Anatomy And Physiology

Anatomy Physiology



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The esophagus is an often overlooked organ which is a vital component of your digestive system. Without it, there would be no way for food and liquids to make their way from your mouth to your stomach. It doesn't take a doctor to realize that this would not be convenient for most people.

The esophagus itself is a muscular tube, approximately 25 cm (10 inches) from top to bottom. The top of the esophagus is attached to the pharynx, which is the anatomical term for the back of your throat. The bottom of the esophagus attaches to the stomach.

There are two major muscle layers lining the esophagus. The first is an outer muscle layer, whose fibers run longitudinally up and down the length of the esophagus. The inner layer of muscle contains circular fibers which form a series of rings around the esophagus.

The esophagus is a somewhat unique organ in that the muscle in the upper part is under voluntary control, while the muscles of the lower end are controlled involuntarily. The upper portion of both muscle layers are made up of striated muscle, which you are able to contract voluntarily when you swallow. As you proceed down the length of the esophagus, the muscle fibers gradually change to a type of muscle known as smooth muscle. By the time you reach the lower esophagus, all of the muscle has become smooth muscle. Smooth muscle is under in voluntary control by your nervous system. These muscles and then merge with the muscles in the stomach.

The esophagus joins to the stomach just below the diaphragm. The diaphragm is the large muscle, located at the base of your lungs which aids in breathing. There is a hole in the diaphragm through which the esophagus passes.

At the top and the bottom of the esophagus are a pair of sphincters. Sphincters are valves found throughout the body which selectively block or allow other substances to pass through. The upper esophageal sphincter is normally closed. It opens for a brief period when you attempt to swallow either solid food or liquids. When the upper esophageal sphincter opens, it blocks the airway going to the lung. This prevents the food or liquid from passing in to your lungs. It goes without saying that pouring food in to your lungs would not be good for your health.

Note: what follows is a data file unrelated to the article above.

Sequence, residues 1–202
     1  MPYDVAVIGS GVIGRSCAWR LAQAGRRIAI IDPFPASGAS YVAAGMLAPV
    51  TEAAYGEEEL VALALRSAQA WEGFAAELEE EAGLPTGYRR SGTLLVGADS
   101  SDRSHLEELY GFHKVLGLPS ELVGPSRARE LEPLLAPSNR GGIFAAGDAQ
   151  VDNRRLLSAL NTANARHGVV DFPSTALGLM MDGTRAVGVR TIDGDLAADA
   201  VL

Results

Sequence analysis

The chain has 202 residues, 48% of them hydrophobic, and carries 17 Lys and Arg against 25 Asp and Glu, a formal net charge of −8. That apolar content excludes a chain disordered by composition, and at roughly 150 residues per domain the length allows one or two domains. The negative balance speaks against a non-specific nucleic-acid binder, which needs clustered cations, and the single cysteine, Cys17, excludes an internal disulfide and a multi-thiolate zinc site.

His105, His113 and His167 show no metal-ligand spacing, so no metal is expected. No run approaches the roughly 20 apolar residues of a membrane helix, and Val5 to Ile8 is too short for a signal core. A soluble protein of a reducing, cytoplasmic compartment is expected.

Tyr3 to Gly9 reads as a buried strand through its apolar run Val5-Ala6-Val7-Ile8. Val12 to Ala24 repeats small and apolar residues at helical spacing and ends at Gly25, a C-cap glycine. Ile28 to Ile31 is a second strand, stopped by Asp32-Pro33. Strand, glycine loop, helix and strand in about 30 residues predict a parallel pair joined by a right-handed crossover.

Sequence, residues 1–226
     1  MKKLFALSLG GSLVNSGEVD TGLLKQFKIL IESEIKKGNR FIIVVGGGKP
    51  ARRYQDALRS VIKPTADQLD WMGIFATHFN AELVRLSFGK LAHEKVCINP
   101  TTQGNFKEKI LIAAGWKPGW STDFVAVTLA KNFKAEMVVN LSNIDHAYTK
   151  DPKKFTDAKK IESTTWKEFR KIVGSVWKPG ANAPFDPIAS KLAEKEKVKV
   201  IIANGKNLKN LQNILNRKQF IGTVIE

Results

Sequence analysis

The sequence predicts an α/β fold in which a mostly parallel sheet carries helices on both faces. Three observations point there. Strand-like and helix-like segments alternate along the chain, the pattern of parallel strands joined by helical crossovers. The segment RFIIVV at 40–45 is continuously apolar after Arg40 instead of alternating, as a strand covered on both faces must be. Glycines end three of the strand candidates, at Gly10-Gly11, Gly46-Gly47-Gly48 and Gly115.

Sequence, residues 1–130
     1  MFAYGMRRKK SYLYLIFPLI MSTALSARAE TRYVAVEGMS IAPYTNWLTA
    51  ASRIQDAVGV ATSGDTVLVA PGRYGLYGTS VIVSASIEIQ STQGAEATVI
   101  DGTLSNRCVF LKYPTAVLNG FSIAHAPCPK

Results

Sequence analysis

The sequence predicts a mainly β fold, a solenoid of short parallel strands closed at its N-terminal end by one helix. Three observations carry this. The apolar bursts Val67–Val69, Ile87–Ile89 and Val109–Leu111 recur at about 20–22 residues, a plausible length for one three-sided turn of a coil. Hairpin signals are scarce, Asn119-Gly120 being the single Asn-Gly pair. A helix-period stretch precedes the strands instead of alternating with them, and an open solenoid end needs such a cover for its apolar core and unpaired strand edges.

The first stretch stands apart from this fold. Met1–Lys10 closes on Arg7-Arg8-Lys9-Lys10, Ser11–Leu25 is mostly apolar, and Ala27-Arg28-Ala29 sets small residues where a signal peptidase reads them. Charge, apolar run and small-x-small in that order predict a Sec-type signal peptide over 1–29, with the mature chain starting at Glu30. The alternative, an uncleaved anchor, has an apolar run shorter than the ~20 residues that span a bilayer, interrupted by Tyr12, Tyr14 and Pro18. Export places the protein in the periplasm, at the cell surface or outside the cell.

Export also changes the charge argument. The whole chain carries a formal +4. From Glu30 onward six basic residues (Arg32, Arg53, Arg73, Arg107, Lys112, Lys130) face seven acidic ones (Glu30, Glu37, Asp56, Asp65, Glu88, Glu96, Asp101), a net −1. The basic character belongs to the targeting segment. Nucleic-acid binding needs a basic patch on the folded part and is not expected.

The lower esophageal sphincter connects the esophagus to the stomach. Even at rest, this sphincter is tightly closed. This prevents the contents of the stomach from flowing back into the esophagus. The contents of the stomach are highly acidic and if they were to flow back into the esophagus, they would cause much irritation and damage to the delicate tissues in the esophageal lining.

As you swallow, the piece of food you are eating is moved from the mouth to the pharynx voluntarily. As this takes place, the upper esophageal sphincter immediately relaxes and allows food into the upper esophagus. This sequence stimulates a series of muscle contractions known as a peristaltic wave. The peristaltic wave is a coordinated series of muscle contractions which began in the upper esophagus and slowly pushes the food down in to the stomach.

Contrary to popular belief, food does not get to the stomach by gravity. This can be demonstrated by standing on your head and attempting to swallow food or water. This can be done, although from time to time gravity will override the strength of the muscles in the esophagus and you will end up spitting food all over your own face.

Once the food has reached the bottom of the esophagus, the lower esophageal sphincter relaxes, allowing the food to enter the stomach.

There are some common conditions related to esophageal dysfunction. The most common of these is an abnormal relaxation of the lower esophageal sphincter. This causes contents of the stomach to regurgitate back into the esophagus. This condition is commonly known as gastroesophageal reflux disorder, or GERD.

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